workhorses over the showhorse. If there was a fear in the
Republican mainstream of Mr. Trump’s inevitability prior
to Iowa, that has been significantly dampened. Should
Donald Trump now fail to win New Hampshire, his
campaign could be in trouble.

Candidates Christie, Kasich, Bush, Fiorina, Carson and
Paul will now presumably go on to New Hampshire, but each
of them will need to do better than expected there, or in the
states immediately following, to remain viable. Already, Mike
Huckabee has withdrawn; Mr. Santorum and Mr. Gilmore
are likely to follow soon after.

With the first votes now in, much of the ballyhoo of Stage 1
evaporates, including the foam that came from less-than-
instructive national polling. Campaigns will need funds and
organizations in place if they are survive the grueling process
which will now take place.

The advantage of winning all or some of the first four
primary and caucus states is almost purely psychological.
None of these contests are winner-take-all, nor do any of
them have a large number of total delegates to the national
convention where the presidential nomination is formally

In fact, it will not be until the March 1 Super Tuesday when
13 states, most of them in the South, choose a substantial
number of delegates, again proportional to the vote. Then,
on successive weeks, one by one, the rest of the states,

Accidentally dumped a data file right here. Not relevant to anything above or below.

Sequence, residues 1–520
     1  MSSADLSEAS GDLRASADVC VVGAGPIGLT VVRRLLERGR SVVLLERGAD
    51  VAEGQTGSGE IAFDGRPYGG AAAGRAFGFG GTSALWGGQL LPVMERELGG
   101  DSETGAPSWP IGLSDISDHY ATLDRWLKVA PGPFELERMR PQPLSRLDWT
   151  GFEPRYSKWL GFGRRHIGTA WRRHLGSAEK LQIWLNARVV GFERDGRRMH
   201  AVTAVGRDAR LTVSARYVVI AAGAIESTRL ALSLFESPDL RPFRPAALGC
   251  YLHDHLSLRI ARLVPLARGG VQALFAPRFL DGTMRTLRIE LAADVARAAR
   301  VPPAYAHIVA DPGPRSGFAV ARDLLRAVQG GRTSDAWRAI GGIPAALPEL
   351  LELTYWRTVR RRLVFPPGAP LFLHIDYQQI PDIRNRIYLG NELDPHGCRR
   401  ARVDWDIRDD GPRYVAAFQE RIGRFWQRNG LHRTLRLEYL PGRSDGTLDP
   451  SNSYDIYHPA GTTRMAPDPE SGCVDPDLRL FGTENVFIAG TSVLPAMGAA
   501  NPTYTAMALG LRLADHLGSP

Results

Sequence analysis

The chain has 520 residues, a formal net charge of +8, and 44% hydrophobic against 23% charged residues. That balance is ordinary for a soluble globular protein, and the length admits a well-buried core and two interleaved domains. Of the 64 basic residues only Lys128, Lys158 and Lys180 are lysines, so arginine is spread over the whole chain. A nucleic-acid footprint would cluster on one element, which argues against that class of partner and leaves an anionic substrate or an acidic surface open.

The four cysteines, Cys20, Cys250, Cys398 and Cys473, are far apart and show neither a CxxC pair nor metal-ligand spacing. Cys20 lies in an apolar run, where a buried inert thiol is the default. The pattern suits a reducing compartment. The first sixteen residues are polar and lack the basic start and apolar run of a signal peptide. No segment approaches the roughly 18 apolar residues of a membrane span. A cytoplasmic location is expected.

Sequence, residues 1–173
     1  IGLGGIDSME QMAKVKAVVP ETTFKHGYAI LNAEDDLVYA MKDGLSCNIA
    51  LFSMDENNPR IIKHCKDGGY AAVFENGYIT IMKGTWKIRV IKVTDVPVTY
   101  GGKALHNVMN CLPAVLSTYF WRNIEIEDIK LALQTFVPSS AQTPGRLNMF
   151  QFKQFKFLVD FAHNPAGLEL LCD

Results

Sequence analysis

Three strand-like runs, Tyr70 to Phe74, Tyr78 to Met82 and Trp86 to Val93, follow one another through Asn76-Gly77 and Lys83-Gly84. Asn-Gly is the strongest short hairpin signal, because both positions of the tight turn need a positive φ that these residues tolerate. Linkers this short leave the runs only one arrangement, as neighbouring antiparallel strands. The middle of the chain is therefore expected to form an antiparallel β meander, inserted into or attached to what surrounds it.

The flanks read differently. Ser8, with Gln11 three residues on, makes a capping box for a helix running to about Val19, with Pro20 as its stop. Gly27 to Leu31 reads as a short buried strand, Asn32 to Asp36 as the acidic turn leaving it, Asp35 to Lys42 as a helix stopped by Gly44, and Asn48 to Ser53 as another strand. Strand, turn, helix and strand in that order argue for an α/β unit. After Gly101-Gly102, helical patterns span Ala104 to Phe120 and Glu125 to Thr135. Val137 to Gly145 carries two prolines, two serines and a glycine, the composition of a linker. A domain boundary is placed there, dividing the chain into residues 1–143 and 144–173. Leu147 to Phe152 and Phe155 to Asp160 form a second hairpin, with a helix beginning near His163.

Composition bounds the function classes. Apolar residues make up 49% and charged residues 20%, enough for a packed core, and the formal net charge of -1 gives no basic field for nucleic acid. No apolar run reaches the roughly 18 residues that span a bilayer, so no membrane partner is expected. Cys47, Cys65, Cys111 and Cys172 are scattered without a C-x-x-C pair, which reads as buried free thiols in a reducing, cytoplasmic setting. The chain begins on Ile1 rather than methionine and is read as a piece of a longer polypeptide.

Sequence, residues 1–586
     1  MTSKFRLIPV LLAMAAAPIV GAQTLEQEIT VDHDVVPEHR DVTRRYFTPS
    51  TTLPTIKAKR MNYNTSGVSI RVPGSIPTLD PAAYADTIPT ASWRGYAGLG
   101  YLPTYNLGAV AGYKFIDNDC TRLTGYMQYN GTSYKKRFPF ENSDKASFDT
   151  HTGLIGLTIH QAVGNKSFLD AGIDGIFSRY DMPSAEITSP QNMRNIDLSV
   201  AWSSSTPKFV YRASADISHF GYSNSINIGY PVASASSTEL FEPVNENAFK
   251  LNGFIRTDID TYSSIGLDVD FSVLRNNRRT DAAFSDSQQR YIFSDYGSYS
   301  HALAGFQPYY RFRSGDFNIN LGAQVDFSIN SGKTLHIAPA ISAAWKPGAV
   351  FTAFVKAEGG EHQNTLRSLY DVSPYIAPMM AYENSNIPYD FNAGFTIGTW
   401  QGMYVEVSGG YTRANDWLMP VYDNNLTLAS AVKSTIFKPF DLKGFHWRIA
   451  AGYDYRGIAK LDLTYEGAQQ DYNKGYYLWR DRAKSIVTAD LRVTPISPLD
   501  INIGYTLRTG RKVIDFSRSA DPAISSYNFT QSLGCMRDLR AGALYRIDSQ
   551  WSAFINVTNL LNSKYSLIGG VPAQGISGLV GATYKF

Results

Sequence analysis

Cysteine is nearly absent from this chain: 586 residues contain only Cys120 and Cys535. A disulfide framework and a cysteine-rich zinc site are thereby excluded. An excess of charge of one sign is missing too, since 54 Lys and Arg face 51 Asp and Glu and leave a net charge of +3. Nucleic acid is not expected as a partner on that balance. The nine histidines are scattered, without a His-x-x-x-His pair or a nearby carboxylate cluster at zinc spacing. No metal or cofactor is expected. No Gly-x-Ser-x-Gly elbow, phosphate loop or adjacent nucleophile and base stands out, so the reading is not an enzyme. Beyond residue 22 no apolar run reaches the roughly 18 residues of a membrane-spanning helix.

including big ones such as New York, Florida,  Pennsylvania,
New Jersey, Ohio, Illinois and  California will hold their
elections. Many of these will be winner-take-all, others will
be proportional, and others such as Pennsylvania will be by
congressional district.

In addition, each party has created a large number of at-large
(or super-) delegates which are not chosen by the voters, but
by the party organization. These include ex-officio delegates,
many of whom hold federal or state office, and most of
whom are expected to vote with their party establishments.
They act as a partial firewall to protect Hillary Clinton on the
Democratic side, and anyone-but-Trump-or-Cruz on the
Republican side.

Even when all the delegates are known, state rules vary as to
whether they must vote for whomever won that state, and if
they must, for how many ballots they must do so. It’s a very
uneven, often clumsy, usually messy arrangement ---
something which has endured principally because in most
prior cycles, the nominee was determined relatively early in
the primary/caucus process.

Then at the national conventions, the party’s rules will
dominate, possibly further complicating the outcome.

Iowa was always intended only to be a beginning, albeit one
often with interesting surprises. In 2016, that has been the
case once again. But the most intense competition lies ahead.

Copyright (c) 2016 by Barry Casselman. All rights reserved.